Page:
Donald Cook played Captain Matthew A. Markinson, a company officer who knew the real story behind what happened to Private Santiago, but was sworn to secrecy through the Marine “honor code.” Cook did an excellent job of playing a man who felt he had an obligation to respect the chain of command, but wasn’t happy doing so. Cook’s facial expressions and body language clearly showed the conflict that was going on inside him. As Lieutenant Kendrick, Roderick Bradford was smooth and polished. He took a character who might ordinarily be seen purely as a villain, and instead crafted him into someone who was just willing to do whatever it took to ensure that respect for the chain of command is kept intact – for the good of the unit – and because “God is watching.” Michael Dombroski, as Lieutenant Colonel Nathan Jessup, the Marine base commander who famously tells Kaffee, “You can’t handle the truth!” performed his role with cunning and narcissistic bravado, as befits a man like Colonel Jessup. In a way, it was uncomfortable to watch Dombroski, but this was only because he so skillfully portrayed such a despicable character.
Other performances of note were given by Peter Orvetti, as Captain Randolph, the court-martial judge; James Heyworth as Lieutenant Jack Ross, the prosecuting attorney; and the accused – Pedro Aviles-Gamez as Corporal Dawson and Patrick Joy as Private Downey.
The set was sparse, mostly tables, desks and chairs, and in neutral tones – as one would expect to see in a Marine base and courtroom. Blackouts and set changes were minimal, but what made them interesting were the cadences used in lieu of the music you might ordinarily hear between scenes. For those unfamiliar with the term, a cadence is the traditional call-and-response work song military personnel sometimes chant when they are marching or running. It is entirely possible that these cadences were written into the script, but what made it special in this production was that the initiator of each line was none other than director Patrick Mullen – calling from the light booth to the rest of the actors scattered around the theater. When they responded, you felt like you were a Marine too, marching right along with them. The fight choreography, which Off The Quill Productions has become well known for, was impeccable, and the costumes, though not exciting, were entirely appropriate for the setting of the show and lent authenticity to everyone’s performances.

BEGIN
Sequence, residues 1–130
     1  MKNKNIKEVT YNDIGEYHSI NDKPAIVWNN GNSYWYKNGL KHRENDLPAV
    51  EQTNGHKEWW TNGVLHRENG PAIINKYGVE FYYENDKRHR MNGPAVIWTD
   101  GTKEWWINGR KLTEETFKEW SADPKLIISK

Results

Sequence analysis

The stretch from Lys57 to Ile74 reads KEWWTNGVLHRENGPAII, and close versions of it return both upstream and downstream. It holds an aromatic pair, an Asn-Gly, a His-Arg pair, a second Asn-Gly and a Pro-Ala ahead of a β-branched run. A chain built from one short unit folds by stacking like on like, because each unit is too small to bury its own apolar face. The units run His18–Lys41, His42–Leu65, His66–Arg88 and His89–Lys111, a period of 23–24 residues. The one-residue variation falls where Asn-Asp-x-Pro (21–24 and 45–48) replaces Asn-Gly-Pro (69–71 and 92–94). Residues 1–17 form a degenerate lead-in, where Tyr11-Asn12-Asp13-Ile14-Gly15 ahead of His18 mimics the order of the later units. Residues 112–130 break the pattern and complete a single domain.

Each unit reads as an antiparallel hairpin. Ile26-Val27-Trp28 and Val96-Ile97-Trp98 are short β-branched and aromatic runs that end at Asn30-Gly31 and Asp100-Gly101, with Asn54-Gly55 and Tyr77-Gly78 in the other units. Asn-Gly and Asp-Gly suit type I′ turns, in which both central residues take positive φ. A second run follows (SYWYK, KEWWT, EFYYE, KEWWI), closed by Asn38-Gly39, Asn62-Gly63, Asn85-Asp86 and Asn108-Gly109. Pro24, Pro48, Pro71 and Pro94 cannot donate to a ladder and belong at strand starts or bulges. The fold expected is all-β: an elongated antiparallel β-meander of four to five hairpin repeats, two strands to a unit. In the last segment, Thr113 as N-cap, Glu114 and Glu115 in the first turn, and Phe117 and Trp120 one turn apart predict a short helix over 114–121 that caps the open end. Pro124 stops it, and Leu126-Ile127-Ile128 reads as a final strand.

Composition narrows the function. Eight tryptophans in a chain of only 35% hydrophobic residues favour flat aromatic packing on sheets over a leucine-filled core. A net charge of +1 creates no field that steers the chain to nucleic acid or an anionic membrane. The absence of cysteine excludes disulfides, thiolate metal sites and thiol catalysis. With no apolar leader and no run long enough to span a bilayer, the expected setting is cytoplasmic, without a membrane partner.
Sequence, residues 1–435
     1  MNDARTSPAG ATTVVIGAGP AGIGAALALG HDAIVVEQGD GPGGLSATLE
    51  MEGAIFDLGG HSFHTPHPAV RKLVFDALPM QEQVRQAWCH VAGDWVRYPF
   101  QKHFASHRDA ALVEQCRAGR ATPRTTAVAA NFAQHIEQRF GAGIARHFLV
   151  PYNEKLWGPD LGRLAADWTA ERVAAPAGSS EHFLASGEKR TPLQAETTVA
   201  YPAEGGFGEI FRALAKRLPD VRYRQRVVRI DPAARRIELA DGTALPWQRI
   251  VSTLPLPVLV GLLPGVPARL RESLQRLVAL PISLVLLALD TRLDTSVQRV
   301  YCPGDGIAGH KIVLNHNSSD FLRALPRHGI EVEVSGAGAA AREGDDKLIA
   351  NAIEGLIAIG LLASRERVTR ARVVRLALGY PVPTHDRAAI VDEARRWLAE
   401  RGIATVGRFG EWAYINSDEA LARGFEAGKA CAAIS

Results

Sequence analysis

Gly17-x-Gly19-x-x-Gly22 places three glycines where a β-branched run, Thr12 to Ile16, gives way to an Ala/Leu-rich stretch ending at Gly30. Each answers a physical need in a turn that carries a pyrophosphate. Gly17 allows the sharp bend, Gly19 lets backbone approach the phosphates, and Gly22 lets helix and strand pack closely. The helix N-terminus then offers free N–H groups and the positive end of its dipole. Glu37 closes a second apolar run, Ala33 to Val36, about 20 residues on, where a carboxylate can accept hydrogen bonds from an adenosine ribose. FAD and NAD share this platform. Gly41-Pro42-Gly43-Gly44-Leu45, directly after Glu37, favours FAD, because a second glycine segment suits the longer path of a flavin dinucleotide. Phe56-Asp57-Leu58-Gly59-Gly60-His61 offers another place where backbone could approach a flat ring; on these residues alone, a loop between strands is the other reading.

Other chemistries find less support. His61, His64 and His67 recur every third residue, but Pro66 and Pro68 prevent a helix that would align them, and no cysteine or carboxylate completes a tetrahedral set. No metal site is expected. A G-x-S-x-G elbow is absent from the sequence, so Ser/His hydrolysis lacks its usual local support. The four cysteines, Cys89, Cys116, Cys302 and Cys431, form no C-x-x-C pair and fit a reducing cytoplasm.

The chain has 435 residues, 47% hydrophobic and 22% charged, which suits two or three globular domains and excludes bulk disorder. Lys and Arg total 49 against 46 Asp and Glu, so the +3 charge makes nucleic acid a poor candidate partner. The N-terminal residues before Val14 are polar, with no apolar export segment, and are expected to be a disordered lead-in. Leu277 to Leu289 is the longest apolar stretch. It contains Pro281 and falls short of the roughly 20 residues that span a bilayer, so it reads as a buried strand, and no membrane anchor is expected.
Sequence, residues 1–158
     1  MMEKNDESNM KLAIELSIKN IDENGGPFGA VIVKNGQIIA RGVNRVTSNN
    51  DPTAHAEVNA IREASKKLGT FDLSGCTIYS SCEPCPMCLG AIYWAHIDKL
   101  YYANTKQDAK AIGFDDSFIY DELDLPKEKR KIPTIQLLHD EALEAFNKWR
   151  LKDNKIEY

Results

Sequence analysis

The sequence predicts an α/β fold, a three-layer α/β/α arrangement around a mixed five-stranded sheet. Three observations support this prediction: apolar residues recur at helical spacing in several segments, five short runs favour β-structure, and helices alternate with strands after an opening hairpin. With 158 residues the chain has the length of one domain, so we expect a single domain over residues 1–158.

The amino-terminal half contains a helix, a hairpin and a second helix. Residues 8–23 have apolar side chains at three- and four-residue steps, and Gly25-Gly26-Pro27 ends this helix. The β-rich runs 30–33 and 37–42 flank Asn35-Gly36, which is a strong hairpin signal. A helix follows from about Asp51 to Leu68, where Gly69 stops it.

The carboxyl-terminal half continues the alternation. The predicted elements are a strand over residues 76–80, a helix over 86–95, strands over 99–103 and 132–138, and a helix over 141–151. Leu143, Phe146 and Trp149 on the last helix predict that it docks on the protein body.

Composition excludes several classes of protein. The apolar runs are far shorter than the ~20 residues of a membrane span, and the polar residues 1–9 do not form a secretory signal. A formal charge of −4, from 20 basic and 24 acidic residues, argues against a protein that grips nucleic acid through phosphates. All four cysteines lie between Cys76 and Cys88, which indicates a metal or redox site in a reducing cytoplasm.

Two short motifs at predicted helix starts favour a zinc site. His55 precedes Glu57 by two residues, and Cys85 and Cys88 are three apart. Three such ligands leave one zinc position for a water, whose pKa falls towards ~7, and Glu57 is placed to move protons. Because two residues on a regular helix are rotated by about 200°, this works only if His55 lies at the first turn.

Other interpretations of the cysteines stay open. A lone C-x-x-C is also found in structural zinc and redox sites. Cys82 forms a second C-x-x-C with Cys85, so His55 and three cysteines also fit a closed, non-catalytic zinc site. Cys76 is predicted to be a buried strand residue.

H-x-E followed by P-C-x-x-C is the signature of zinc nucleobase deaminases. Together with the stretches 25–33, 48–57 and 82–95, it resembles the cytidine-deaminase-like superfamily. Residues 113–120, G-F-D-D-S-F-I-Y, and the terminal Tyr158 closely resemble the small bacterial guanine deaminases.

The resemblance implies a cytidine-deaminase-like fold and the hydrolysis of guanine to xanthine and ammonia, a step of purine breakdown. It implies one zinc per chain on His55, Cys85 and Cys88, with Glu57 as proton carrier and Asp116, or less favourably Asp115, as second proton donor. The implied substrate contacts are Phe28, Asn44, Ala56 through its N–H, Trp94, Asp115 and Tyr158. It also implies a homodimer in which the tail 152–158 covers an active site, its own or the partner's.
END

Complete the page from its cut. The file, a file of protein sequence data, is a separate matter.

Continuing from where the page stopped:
The danger of staging a show like A Few Good Men – a play that becomes a popular film – is that people expect it to be exactly like what they have seen in the movie theater. However, as is often the case, the play and movie differ quite a bit. In this production, thoughts of the film fade to the background as the story unfolds and more details are revealed. Whether you ascertain that the honor code of the military should be respected at all costs, or that you must stand up for your own personal convictions, this show will definitely give you pause. In conclusion, just like the top military units, this production of A Few Good Men is being run like a tight ship – with razor sharp precision and stellar performances. And if you don’t come and see it, then “You can’t handle the truth!”
Running Time: 2 hours and 20 minutes with one intermission